Phobos. Mars’ innermost moon.
This tiny little spud of a moon is almost certainly a main-belt asteroid that became captured by Mars’ gravitational field, although there are still those who favor the theory that its debris that spalled off of Mars in some past impact. (Mars certainly has an abundance of very big craters to choose from as suspects, such as the terrifyingly large Hellas Basin.) And just as it was not always orbiting Mars, neither will it remain orbiting forever. Phobos is doomed. It orbits too low to be stable, completing several orbits for each Martian day, which means that to an observer on the Martian surface, watching the moon is more like watching a particularly large satellite scoot by overhead.
One thing astronomers have debated is whether Phobos will fall intact onto the surface of Mars, perhaps creating a new super basin, or whether tidal forces will shatter the moon first, spreading it out into a ring of debris around the red planet, and some recent work gives the latter option a great deal more oomph.
Phobos is tide-locked, which is to say that like our own Moon and most other moons in the solar system, it always presents the same face towards Mars. The technical term is that it rotates synchronously (at the same rate as it revolves around Mars), so one day on Phobos is equal to one orbit. This means one end of the moon faces forwards all the time, and that turns out to be the bit in the lower right corner of this image — the massive Stickney Crater.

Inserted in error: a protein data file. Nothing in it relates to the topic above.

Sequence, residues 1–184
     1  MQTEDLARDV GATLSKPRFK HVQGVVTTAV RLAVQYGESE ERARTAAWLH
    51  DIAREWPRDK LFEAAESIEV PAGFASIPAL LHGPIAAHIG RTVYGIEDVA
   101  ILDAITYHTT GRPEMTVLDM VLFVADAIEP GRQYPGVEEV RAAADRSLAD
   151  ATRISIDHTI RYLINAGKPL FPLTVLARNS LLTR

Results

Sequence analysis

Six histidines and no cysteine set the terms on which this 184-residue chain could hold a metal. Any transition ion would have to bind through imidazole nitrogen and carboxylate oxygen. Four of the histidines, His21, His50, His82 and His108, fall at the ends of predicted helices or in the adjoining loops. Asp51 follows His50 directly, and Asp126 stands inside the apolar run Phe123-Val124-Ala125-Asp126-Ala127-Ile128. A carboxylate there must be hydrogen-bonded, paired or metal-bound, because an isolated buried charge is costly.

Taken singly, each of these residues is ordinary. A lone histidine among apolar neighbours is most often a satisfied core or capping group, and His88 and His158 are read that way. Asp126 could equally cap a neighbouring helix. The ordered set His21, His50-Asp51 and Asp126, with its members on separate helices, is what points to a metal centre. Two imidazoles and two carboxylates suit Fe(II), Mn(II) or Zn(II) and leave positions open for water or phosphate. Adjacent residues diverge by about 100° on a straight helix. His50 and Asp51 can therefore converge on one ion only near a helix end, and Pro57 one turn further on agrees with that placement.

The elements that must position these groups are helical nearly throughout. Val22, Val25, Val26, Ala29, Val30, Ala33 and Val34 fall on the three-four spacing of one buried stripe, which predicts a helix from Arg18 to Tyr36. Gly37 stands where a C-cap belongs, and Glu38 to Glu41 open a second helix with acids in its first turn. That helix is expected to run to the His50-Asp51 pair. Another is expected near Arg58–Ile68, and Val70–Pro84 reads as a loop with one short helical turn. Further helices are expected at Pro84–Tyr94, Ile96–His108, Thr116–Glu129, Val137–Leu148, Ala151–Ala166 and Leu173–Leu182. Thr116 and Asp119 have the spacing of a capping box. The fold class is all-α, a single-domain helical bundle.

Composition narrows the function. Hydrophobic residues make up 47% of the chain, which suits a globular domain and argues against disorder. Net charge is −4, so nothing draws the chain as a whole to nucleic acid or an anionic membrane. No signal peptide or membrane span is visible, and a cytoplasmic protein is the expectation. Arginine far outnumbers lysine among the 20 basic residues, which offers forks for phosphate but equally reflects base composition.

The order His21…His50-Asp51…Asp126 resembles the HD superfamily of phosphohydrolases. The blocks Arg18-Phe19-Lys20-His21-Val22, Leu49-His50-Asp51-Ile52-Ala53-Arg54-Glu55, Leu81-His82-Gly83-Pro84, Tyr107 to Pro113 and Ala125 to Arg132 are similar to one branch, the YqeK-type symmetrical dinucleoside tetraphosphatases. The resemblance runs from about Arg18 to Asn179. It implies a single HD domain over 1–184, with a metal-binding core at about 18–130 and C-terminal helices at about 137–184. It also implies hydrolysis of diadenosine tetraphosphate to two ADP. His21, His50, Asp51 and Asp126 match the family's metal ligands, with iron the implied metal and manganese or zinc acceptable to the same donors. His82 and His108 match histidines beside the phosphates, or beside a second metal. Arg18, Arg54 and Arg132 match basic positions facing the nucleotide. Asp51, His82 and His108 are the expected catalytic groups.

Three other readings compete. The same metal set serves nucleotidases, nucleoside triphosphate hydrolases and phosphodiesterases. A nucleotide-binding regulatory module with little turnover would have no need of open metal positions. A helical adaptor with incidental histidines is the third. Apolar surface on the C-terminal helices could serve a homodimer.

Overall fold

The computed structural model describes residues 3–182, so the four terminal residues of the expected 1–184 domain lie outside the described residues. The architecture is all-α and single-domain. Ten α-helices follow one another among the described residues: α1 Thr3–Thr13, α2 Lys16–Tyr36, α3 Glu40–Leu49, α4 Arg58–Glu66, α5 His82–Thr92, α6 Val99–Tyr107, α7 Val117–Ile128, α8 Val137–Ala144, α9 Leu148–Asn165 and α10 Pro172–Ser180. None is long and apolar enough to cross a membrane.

The other thing you notice right away is all the grooves. Striations that run nearly the full length of the moon appearing to originate broadly from Stickney. For a long time, they were though to be crater chains produced by the impact that created Stickney — splash damage, if you will. Then, as astronomers realized they didn’t really point adequately at Stickney, so a new theory developed: perhaps Phobos has gone through debris clouds before, possibly after one of the big Martian impacts. But that theory didn’t quite work out either. Now they finally have another explanation, and hopefully it will be the last they need.
The mystery of the crater chains is revealed: they’re not crater chains at all. They’re stress fractures. That’s right, Phobos is being gradually torn apart by Mars’ gravity. As it sinks ever lower in its orbit, the stresses grow more intense, and one day they will excede the structural strength of rock itself and Phobos will shatter and spread itself into a ring around Mars. The long, strange grooves along the length of Phobos are just the first visible sign of this process, which has already been underway for a long time. So ultimately, Phobos is doomed even faster now, with the breakup estimated to occur in 30-50 million years from now.
So there’s still time to put a base on Phobos, but we probably ought to hurry.